The Democrats Need a New Eugene McCarthy


“The awakening Democratic presidential primary, with 14 declared candidates and at least nine possible more, amounts to a stark choice over the party’s future: left or center, identity-issue minded or pluralist, radical or incrementalist. In fact, we haven’t seen Left battle lines so dramatically etched for more than half a century, since 1967 and 1968, under the dual weights of a disastrous foreign war and a rising new generation determined for change. The hero of that Democratic primary, who pushed Lyndon Johnson out of the race, ignited the energy of America’s young, and set up the new fault lines along which the future of the party got fought, was Eugene McCarthy, Democratic-farmer-labor senator from Minnesota. For many of us who were part of the McCarthy campaign, it’s a new Gene McCarthy—not in form, but in values—that we want today. For those who didn’t live it, it’s hard to imagine the sheer despair that crested in America in the summer of 1967. Vietnam was not just a quagmire but a killing field, sucking the potential of tens of thousands of Americans into a jungle war where rights and wrongs disappeared in the murk, even as its impacts scraped away at the country. All the buried fissures of a changing society—old versus young, producers versus consumers, suburbs versus inner cities, oppressed identities versus old solidarities—were rubbed raw, ready to bleed. And the political class wouldn’t listen—Lyndon Johnson was adamant about prosecuting the war, Richard Nixon was busy manipulating the social fissures the war exposed, and the most obvious candidate to challenge Johnson, Bobby Kennedy, was too canny a political animal to make a leap in the dark. 1967 didn’t feel like the apocalypse—but it felt like five minutes to midnight. Into this atmosphere came Gene McCarthy, who, after spending the summer urging a personally remote and, in any case, a waffling Bobby to run, entered the race in the fall. Against the high drama of the times, his announcement was flat, basic, to the point: He said the war was immoral and wrong, he said it was eating away at the fabric of country, he said it had to end. But Gene, a second-term senator risking his reputation to challenge a sitting president in the middle of a war, believed in more than ending our involvement in Vietnam. A deeply contemplative man who’d been born into the lower-middle classes and come into intellectual maturity through Catholic education and postgraduate work in economics, Gene was a practical moralist: He held deep beliefs, but his appreciation of reality was too intimate to let those beliefs shade into didactic thinking. …”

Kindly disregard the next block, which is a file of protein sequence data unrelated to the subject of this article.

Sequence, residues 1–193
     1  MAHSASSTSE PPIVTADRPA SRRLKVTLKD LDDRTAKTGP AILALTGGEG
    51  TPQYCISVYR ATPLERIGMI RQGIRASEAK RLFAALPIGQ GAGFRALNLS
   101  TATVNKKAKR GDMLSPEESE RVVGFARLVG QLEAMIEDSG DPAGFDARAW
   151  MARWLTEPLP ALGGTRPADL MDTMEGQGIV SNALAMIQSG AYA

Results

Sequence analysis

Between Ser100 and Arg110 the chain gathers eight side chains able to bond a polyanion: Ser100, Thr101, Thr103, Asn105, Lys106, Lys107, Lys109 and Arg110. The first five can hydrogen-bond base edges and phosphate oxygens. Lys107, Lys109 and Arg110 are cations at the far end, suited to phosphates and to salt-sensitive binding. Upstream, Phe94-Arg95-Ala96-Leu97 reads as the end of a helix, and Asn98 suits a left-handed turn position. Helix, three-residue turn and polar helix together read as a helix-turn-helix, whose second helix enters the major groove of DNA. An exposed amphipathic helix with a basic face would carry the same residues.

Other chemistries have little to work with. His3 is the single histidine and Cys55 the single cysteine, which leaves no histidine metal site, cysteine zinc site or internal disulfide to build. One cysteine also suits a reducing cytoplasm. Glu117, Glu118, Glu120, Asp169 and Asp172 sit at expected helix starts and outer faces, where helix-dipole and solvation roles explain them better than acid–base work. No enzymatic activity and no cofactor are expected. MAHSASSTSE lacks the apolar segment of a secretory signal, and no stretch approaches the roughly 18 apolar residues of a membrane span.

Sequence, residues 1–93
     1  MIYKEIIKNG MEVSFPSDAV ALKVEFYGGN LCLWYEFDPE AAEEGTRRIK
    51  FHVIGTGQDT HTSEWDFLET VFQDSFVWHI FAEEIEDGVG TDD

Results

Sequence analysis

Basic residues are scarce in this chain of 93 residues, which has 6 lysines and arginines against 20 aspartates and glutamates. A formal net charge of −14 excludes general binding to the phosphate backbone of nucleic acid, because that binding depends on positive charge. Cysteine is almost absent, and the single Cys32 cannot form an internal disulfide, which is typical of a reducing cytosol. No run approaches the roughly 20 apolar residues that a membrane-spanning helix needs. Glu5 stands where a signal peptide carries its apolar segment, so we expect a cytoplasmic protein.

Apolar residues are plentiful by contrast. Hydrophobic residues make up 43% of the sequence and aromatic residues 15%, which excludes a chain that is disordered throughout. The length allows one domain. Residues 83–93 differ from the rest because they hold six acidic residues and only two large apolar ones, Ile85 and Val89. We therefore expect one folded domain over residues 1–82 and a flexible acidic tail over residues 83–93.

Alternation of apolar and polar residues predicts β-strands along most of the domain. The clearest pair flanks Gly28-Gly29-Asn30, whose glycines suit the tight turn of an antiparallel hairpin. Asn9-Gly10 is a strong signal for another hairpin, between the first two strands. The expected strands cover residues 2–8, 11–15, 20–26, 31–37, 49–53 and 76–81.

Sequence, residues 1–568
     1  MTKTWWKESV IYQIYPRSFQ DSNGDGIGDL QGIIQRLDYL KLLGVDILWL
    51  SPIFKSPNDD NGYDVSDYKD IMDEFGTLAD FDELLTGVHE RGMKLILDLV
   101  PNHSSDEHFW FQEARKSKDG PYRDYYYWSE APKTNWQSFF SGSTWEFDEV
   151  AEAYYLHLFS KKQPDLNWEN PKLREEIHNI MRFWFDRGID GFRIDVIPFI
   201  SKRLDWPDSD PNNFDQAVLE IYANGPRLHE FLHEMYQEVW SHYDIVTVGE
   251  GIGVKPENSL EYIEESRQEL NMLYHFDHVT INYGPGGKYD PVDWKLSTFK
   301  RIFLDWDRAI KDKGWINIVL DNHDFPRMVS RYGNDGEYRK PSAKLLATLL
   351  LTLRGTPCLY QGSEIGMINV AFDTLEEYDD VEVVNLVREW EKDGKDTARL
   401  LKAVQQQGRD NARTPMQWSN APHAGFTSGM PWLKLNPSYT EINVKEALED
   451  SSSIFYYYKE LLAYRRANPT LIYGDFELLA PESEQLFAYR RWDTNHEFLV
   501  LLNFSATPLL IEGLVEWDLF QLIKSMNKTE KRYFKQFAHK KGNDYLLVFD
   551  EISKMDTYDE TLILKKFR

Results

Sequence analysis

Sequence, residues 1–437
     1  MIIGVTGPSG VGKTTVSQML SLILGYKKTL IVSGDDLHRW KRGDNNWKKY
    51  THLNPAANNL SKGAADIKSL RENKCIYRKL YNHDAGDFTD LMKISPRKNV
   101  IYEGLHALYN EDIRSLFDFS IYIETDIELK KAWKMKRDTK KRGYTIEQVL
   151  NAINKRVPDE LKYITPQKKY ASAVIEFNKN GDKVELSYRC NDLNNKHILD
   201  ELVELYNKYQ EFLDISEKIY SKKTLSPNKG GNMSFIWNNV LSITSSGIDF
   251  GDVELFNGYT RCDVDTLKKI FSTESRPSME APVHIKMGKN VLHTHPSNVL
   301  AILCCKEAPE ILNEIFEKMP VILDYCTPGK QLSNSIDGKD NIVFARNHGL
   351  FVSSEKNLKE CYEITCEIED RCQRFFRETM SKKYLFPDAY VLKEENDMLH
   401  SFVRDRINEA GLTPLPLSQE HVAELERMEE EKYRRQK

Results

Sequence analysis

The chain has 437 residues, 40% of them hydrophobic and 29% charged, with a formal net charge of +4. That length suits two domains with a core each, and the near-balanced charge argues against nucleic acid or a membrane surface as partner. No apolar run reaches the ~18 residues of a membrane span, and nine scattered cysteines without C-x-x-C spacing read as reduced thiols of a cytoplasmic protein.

Tablet
Politico: What Bernie Sanders Should Learn From Eugene McCarthy

About 1960s: Days of Rage

Bill Davis - 1960s: Days of Rage
This entry was posted in 1968 DNC, Lyn. Johnson, Nixon, Rob. Kennedy, Vietnam War and tagged , , , , . Bookmark the permalink.

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